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What An Alco-hole

| MO, USA | Bad Behavior, Crazy Requests, Popular

(I used to work as a sacker at a grocery store, and in Missouri, workers have to be 18 or older to handle alcoholic products. I wasn’t at the time.)

Cashier: *scans customer’s beer* “You’ll have to load this into your cart yourself; he’s too young to handle alcohol.”

Customer: “Oh, come on. I won’t tell anyone. It’s no big deal.”

Me: “Well, it’s against the law.”

Cashier: “Yeah, we could both get fired and charged with a crime.”

Customer: “This is bull-s***! I go out of my way to come here, because I think this is a great store, and you treat me like this?! I guess I’ll just shop at [Competitor] from now on! See if I ever come here again!” *grabs beer and leaves in a huff*

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You’re Only Embarrassing Yourself Now

| MA, USA | At The Checkout, Bizarre, Money, Popular

(I work as a manager for a local grocery store in town where I live. The store itself only ever gets busy during the summer months since it is a big tourist destination. Not only is it busy but we are understaffed so I am on register trying to clear up some of the lines.)

Me:“All right, sir, your total is [total] dollars.”

Customer: *swipes his card*

(My register declines his card due to a transmitting error between our systems and the bank.)

Me: “Do you mind swiping your card again, sir? My register declined your card.”

Customer: “Well, that’s odd; I just filled my account. I should have $7000. This is embarrassing.”

Me: “Oh, nothing to be embarrassed about, sir. It seems to be a problem with our machines.”

Customer: “All right, then, but this is embarrassing.”

(He swipes his card again and the register declines it for the same problem.)

Me: “I am sorry, sir, this is really odd. Do you have another payment option you’d like to try?”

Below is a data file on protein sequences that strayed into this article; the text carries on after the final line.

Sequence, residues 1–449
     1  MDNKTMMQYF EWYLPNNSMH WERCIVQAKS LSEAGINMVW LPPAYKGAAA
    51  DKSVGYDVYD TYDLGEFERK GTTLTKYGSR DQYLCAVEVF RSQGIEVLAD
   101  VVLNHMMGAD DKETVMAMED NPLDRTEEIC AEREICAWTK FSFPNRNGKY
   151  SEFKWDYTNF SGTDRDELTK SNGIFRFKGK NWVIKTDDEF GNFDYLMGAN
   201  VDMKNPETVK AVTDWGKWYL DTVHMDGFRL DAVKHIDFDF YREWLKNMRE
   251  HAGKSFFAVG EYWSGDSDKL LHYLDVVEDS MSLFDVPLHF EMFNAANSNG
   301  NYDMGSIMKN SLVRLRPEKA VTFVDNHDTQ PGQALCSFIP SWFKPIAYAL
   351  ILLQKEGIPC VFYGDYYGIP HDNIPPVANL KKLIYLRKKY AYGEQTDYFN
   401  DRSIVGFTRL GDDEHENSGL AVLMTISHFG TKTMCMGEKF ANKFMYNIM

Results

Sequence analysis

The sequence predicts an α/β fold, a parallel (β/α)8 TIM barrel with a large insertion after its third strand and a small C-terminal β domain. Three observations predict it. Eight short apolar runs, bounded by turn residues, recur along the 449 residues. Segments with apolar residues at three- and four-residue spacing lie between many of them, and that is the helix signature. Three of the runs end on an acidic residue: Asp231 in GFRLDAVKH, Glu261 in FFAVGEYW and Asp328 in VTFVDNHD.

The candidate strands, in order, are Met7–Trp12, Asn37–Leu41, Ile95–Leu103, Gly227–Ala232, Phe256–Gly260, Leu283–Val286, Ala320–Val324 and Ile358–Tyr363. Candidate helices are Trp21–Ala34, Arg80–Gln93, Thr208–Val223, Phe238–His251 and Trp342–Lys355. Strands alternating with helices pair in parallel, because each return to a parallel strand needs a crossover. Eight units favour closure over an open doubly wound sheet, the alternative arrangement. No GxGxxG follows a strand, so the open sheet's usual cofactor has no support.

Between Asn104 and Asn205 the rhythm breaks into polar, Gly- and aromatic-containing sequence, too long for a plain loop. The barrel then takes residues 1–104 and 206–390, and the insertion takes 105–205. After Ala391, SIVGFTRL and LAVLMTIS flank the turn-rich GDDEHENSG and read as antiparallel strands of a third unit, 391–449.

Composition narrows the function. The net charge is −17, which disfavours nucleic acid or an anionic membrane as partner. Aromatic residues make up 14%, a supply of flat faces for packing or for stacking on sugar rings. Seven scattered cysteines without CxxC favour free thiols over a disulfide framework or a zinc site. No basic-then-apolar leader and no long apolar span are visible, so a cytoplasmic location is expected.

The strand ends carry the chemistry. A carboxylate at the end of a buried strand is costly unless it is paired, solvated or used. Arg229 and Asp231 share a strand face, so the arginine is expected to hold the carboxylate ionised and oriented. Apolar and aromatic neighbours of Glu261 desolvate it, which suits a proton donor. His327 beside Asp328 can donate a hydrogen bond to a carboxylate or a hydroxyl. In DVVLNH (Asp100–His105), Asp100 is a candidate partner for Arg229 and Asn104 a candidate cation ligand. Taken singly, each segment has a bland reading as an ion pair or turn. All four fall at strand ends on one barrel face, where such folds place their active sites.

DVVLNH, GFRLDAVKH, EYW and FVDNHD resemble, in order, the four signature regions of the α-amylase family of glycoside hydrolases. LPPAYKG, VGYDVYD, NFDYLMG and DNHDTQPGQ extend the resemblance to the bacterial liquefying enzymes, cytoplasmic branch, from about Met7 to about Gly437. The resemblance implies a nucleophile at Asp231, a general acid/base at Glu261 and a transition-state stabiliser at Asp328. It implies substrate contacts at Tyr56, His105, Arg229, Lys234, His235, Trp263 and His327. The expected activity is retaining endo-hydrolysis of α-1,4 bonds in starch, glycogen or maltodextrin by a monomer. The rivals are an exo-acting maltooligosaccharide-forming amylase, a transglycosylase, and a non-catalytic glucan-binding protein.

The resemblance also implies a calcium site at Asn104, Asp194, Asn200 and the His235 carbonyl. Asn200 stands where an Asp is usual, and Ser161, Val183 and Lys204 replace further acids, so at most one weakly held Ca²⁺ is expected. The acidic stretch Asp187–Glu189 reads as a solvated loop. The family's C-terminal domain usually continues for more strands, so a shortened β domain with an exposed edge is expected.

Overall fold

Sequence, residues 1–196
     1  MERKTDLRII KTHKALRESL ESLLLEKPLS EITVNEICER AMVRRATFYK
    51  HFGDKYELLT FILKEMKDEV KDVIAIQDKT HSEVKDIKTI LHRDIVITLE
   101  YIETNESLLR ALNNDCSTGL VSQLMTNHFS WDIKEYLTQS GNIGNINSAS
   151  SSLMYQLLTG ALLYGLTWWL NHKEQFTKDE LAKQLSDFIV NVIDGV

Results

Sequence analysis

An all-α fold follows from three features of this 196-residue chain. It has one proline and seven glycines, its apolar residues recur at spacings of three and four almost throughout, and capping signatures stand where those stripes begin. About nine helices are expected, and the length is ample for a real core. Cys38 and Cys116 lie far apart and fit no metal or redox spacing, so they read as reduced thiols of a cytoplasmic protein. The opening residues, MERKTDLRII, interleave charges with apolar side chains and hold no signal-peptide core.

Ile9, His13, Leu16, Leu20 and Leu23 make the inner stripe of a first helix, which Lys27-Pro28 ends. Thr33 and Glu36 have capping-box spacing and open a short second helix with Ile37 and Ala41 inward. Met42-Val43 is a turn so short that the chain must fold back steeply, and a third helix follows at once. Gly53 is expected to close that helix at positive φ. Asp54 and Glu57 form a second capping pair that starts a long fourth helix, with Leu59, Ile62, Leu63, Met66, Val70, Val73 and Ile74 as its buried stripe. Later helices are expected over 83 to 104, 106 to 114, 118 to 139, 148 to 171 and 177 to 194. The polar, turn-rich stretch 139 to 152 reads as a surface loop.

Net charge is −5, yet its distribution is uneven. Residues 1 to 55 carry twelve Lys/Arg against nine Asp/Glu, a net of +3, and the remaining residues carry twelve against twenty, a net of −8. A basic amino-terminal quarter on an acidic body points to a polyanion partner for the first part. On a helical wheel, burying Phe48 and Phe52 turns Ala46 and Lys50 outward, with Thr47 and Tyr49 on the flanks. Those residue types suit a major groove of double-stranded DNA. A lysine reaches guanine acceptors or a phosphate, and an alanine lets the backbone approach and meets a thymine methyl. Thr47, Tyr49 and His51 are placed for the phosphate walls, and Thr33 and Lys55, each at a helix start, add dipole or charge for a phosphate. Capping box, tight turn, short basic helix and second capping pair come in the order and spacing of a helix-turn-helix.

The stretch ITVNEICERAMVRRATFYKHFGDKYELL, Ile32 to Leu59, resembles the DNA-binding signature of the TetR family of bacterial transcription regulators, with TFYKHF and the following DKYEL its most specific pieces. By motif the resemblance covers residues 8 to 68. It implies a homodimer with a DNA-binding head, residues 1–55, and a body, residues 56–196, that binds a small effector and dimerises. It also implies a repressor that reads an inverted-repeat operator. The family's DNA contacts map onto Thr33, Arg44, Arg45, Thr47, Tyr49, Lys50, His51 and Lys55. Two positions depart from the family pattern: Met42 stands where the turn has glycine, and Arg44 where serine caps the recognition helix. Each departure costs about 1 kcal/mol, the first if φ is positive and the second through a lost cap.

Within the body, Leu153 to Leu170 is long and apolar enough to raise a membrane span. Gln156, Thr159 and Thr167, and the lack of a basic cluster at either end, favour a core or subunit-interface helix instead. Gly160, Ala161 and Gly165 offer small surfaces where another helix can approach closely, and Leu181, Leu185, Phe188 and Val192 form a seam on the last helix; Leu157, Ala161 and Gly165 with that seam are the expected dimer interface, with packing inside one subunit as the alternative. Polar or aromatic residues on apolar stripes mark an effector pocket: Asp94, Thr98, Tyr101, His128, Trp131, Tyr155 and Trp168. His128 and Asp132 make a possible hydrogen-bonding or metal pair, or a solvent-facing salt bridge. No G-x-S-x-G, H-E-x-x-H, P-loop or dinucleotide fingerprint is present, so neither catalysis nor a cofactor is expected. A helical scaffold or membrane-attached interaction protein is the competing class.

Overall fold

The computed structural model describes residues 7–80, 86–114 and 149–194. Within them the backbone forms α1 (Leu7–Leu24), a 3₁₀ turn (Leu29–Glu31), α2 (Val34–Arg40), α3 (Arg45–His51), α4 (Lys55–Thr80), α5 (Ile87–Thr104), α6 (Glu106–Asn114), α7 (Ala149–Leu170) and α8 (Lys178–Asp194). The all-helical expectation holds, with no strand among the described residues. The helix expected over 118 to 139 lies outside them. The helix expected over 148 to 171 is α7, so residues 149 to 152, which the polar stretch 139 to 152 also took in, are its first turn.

Customer: “Can you be a little quieter? This is embarrassing. I don’t want anyone to hear.”

(He swipes a different card.)

Me: “Great, this card went through, sir. Would you like the receipt?”

Customer: “No, thank you.”

(The customer leaves and I tend to the rest of my line before I close the register so I can quickly get other tasks done before I am needed again. I grab some baskets and stray carriages, and do some cash pick-ups. At this point my arms are full and I end up talking with another customer who needed assistance when suddenly the embarrassed customer walks in again, and barges into the conversation.)

Customer: “Yeah, hi there, I just got off the phone with the bank and they are telling me that my card was declined because of a machine reading error or something.”

Me: “Sir, I know. I told you that earlier when your card was declined.”

Customer: “I wanted to make sure, though. Also, that was really embarrassing for me so please keep that in mind next time this happens.”

Me: “No problem, sir.”

Customer: “I spoke to your manager over there, too, so she knows to train you on this.”

Me: “Sir, I am the manager. That is one of my cashiers.”

Customer: “You’re too young to be the manager; don’t lie. You’re only embarrassing yourself now.”

(The customer then complained to my cashier again about me lying. She pointed out that I am the manager and he looked embarrassed again and then quickly left. I really wanted to hit him the entire time he was speaking.)

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Cucumber Blunder

| USA | Food & Drink, Money, Popular

(We have both native organic cucumbers, and cucumbers from more temperate states on sale. Native cucumbers are 69 cents for one, whereas the shipped-in cucumbers are two for 99 cents. Produce department has signs up advertising the 69 cents price but because the cashiers don’t have a code for native cucumbers and they’re not in our produce lookup on the registers, our manager told us to ring them in as shipped-in cucumbers which is actually a better deal for the customer.)

Customer: “You made a mistake.”

Me: “Sorry?”

Customer: “Look at this.” *thrusts receipt in my face* “Look!”

Me: “I’m sorry, sir. I don’t understand the problem.”

Customer: “Native cukes!”

Me: “What…?”

Customer: “Native cukes! I got them native cukes!”

(I check his receipt and it says he was charged for two cucumbers.)

Me: “How many did you get?”

Customer: “Two!”

Me: “Well, it looks like that’s what you were charged for, so I don’t understand what the problem is. I’m sorry.”

Customer: “69 cents!”

Me: “Excuse me?”

Customer: “Native 69 cents cukes!”

Me: “Okay. Sir, please calm down. I’m having trouble understanding what the issue is.”

Customer: “I’m supposed to be charged 69 cents for native cukes! Look at this! ‘Two cucumbers at two for 99 cents’!”

Me: “Yes, sir, you bought two so you were charged for two. I’m still not understanding what the issue is.”

Customer: “Two. Cukes. 69 cents. Them are 69 cent cukes and I got charged 99 cents for two.”

Me: “Sir. We don’t have a code for native cucumbers. We have to ring them in as standard out-of-state cucumbers. Are you telling me you’re unsatisfied with spending 39 cents less than what you would have had to pay?”

(The customer stares at me like I have three heads, then crumples up his receipt and throws it at me before storming out of the store.)

Me: “Glad we could provide excellent service for you today, sir!”